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Determining device position through minimal user input / James McNaughton; Tom Crick; Andrew Hatch

Human-centric Computing and Information Sciences, Volume: 7, Issue: 1

Swansea University Author: Crick, Tom

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Abstract

In many co-located, collaborative systems there is a need for the constituent devices used to be aware of the physical positions of their networked counterparts. This paper addresses this challenge by presenting a novel method of utilising users’ judgement of direction to obtain the location and ori...

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Published in: Human-centric Computing and Information Sciences
ISSN: 2192-1962
Published: 2017
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URI: https://cronfa.swan.ac.uk/Record/cronfa43375
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first_indexed 2018-08-14T15:01:05Z
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spelling 2018-10-26T09:19:32Z v2 43375 2018-08-14 Determining device position through minimal user input Tom Crick Tom Crick true 0000-0001-5196-9389 false 200c66ef0fc55391f736f6e926fb4b99 9971fd6d74987b78a0d7fce128f8c721 z93Ri4T5hwMLTfh+6XG11n2HZhUyFASdV1DFdgIIhKs= 2018-08-14 EDUC In many co-located, collaborative systems there is a need for the constituent devices used to be aware of the physical positions of their networked counterparts. This paper addresses this challenge by presenting a novel method of utilising users’ judgement of direction to obtain the location and orientation of a touch interface. The technique requires a user to draw several arrows on an interface which point towards physical landmarks in an environment. This allows for the setup of interface locations in a way which is (i) quick; (ii) inexpensive; (iii) not encumbering; and (iv) capable of being performed despite obstructions in the environment. A user study is presented which investigates what influence a user’s accuracy has on the technique’s resulting calculated location of an interface. The study reveals that the magnitude of a user’s inaccuracies is proportional to the size of the error in the result and that there is no improvement in user accuracy with practice. Finally, we make observations on the future extension and application of this technique. Journal article Human-centric Computing and Information Sciences 7 1 2192-1962 User input, Positioning, Device location, Touch devices, Collaboration, HCI 18 12 2017 2017-12-18 10.1186/s13673-017-0118-1 https://hcis-journal.springeropen.com/articles/10.1186/s13673-017-0118-1 College of Arts and Humanities School of Education CAAH EDUC None 2018-10-26T09:19:32Z 2018-08-14T15:44:49Z College of Science Computer Science James McNaughton 1 Tom Crick 0000-0001-5196-9389 2 Andrew Hatch 3 0043375-27082018133901.pdf s13673-017-0118-1.pdf 2018-08-27T13:39:01Z Output 1677334 application/pdf VoR true Updated Copyright 06/09/2018 2018-08-27T00:00:00 This article is distributed under the terms of the Creative Commons Attribution 4.0 International License. true eng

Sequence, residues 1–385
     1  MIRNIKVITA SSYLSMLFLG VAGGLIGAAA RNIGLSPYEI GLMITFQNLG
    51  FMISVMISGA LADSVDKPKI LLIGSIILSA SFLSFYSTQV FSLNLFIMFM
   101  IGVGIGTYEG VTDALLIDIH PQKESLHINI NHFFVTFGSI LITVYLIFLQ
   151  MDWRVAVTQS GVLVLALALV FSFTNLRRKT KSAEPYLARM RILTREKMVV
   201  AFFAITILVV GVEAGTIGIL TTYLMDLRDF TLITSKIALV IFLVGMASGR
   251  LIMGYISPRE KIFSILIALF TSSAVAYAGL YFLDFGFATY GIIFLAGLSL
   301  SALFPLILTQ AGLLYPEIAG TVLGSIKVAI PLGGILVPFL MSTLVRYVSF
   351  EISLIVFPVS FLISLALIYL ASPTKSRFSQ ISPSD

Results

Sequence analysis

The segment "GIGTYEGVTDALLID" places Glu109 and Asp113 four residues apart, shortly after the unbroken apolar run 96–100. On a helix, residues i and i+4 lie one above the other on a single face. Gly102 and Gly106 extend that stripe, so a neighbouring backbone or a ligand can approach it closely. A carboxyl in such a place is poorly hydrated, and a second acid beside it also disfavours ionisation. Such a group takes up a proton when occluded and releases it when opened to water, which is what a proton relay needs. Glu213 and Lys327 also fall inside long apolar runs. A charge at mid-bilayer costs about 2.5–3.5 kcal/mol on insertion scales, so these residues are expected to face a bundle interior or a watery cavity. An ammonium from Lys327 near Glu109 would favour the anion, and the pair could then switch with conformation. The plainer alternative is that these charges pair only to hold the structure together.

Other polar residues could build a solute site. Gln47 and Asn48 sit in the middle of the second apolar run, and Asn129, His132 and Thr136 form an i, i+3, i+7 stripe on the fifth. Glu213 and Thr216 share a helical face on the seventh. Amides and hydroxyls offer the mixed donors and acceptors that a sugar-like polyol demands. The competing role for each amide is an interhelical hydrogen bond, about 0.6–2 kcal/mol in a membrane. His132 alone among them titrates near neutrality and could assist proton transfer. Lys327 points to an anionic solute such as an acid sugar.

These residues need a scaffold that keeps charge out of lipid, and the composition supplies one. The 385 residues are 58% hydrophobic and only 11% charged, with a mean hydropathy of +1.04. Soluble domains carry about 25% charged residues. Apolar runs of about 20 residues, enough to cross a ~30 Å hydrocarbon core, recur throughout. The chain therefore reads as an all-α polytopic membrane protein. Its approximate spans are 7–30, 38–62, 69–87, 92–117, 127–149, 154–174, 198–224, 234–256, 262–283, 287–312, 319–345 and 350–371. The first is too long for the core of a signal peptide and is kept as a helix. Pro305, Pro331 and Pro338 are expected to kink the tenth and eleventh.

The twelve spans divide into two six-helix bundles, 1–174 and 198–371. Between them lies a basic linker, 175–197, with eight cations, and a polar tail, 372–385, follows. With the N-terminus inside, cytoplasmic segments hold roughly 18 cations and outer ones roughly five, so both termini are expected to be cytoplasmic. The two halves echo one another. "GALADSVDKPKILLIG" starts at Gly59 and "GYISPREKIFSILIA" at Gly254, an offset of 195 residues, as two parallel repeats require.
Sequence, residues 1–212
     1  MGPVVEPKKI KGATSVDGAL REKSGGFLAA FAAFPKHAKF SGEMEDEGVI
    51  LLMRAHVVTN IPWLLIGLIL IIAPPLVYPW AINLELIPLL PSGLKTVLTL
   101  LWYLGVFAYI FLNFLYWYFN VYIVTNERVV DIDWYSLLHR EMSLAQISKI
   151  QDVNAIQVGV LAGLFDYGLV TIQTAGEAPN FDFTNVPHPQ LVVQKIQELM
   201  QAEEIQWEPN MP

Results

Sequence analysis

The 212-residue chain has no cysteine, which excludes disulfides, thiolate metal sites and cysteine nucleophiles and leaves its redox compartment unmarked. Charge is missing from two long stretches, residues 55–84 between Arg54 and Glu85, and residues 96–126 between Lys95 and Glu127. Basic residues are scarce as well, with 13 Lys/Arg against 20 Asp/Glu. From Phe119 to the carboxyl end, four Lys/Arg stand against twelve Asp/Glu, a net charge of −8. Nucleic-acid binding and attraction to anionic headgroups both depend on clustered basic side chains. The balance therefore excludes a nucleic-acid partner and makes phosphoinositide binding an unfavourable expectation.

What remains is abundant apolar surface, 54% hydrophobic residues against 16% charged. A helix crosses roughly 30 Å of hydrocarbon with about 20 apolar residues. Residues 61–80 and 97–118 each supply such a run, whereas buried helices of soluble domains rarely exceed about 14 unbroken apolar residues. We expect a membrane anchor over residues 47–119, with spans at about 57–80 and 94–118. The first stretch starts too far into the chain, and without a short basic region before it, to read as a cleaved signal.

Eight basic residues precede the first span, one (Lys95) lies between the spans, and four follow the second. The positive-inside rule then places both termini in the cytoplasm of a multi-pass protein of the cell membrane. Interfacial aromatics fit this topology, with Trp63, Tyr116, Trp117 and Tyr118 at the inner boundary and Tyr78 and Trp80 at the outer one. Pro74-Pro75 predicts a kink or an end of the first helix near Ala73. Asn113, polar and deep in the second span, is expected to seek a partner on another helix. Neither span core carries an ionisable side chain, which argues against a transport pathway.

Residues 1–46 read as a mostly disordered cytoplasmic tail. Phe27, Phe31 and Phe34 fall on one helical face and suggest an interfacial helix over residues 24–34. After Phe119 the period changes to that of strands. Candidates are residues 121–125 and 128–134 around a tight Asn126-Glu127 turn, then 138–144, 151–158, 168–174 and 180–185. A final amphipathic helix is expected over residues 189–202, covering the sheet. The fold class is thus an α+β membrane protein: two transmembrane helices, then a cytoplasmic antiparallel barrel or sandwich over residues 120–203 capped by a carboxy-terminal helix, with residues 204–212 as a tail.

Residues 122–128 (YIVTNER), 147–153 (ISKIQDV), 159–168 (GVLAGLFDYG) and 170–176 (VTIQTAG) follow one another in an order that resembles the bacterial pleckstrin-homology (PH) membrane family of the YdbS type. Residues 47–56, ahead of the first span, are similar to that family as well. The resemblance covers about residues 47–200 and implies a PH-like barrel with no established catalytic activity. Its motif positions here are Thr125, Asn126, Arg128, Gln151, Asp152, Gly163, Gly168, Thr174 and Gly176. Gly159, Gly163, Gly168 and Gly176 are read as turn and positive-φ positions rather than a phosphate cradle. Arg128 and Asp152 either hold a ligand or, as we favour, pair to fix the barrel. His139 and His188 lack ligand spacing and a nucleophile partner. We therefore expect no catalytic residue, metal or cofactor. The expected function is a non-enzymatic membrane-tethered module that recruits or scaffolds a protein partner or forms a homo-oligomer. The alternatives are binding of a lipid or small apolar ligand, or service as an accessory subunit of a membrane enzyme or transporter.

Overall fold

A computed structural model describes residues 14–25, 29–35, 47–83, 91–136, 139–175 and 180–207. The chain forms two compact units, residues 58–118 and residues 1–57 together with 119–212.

title Determining device position through minimal user input
spellingShingle Determining device position through minimal user input
Crick, Tom
title_short Determining device position through minimal user input
title_full Determining device position through minimal user input
title_fullStr Determining device position through minimal user input
title_full_unstemmed Determining device position through minimal user input
title_sort Determining device position through minimal user input
author_id_str_mv 200c66ef0fc55391f736f6e926fb4b99
author_id_fullname_str_mv 200c66ef0fc55391f736f6e926fb4b99_***_Crick, Tom
author Crick, Tom
author2 James McNaughton
Tom Crick
Andrew Hatch
format Journal article
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publishDate 2017
institution Swansea University
issn 2192-1962
doi_str_mv 10.1186/s13673-017-0118-1
college_str College of Science
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hierarchy_top_title College of Science
hierarchy_parent_id collegeofscience
hierarchy_parent_title College of Science
department_str Computer Science{{{_:::_}}}College of Science{{{_:::_}}}Computer Science
url https://hcis-journal.springeropen.com/articles/10.1186/s13673-017-0118-1
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description In many co-located, collaborative systems there is a need for the constituent devices used to be aware of the physical positions of their networked counterparts. This paper addresses this challenge by presenting a novel method of utilising users’ judgement of direction to obtain the location and orientation of a touch interface. The technique requires a user to draw several arrows on an interface which point towards physical landmarks in an environment. This allows for the setup of interface locations in a way which is (i) quick; (ii) inexpensive; (iii) not encumbering; and (iv) capable of being performed despite obstructions in the environment. A user study is presented which investigates what influence a user’s accuracy has on the technique’s resulting calculated location of an interface. The study reveals that the magnitude of a user’s inaccuracies is proportional to the size of the error in the result and that there is no improvement in user accuracy with practice. Finally, we make observations on the future extension and application of this technique.
published_date 2017-12-18T12:12:09Z
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